Right ... everyone knows what the rules are, right?
Except that (1) no one present actually read the book or knows any of the procedures in it from the text, except for one or two people. And (2) what the group actually does at the table may not resemble that text at all, no matter how much the people claim otherwise. Finally, (3) in some cases, what some people think is being done isn't actually what's being done.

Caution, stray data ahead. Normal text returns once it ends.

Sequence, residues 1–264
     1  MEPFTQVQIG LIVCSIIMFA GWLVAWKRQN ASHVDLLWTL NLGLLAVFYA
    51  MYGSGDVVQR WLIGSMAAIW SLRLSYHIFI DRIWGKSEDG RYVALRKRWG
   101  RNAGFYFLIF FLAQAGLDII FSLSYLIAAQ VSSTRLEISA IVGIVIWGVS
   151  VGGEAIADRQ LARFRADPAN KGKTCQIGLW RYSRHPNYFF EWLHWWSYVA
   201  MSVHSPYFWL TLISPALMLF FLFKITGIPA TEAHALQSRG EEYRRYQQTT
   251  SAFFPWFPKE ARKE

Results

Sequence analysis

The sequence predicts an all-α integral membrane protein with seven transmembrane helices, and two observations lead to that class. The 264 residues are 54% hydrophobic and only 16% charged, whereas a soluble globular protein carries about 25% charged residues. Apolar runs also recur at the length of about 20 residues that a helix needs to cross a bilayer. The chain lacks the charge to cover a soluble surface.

And even more important
Let's go ahead and say there's a rule in the book, and that it is indeed what we follow at the table. A bastard sword used two-handed does 3d6 damage - well and good. But why? How is it that we do that?
We don't do it because "it's a rule." Rules do not and cannot make people do things. We do it because we want to do it that way. They are used by people to do things, either well or badly.
Textual instruction about (a) anything and everything concerning role-playing this particular game, or (b) specifically Techniques and Ephemera. Used in this sense, Rules are distinct from the System actually employed during play, although it may be used as a reference or justification for it.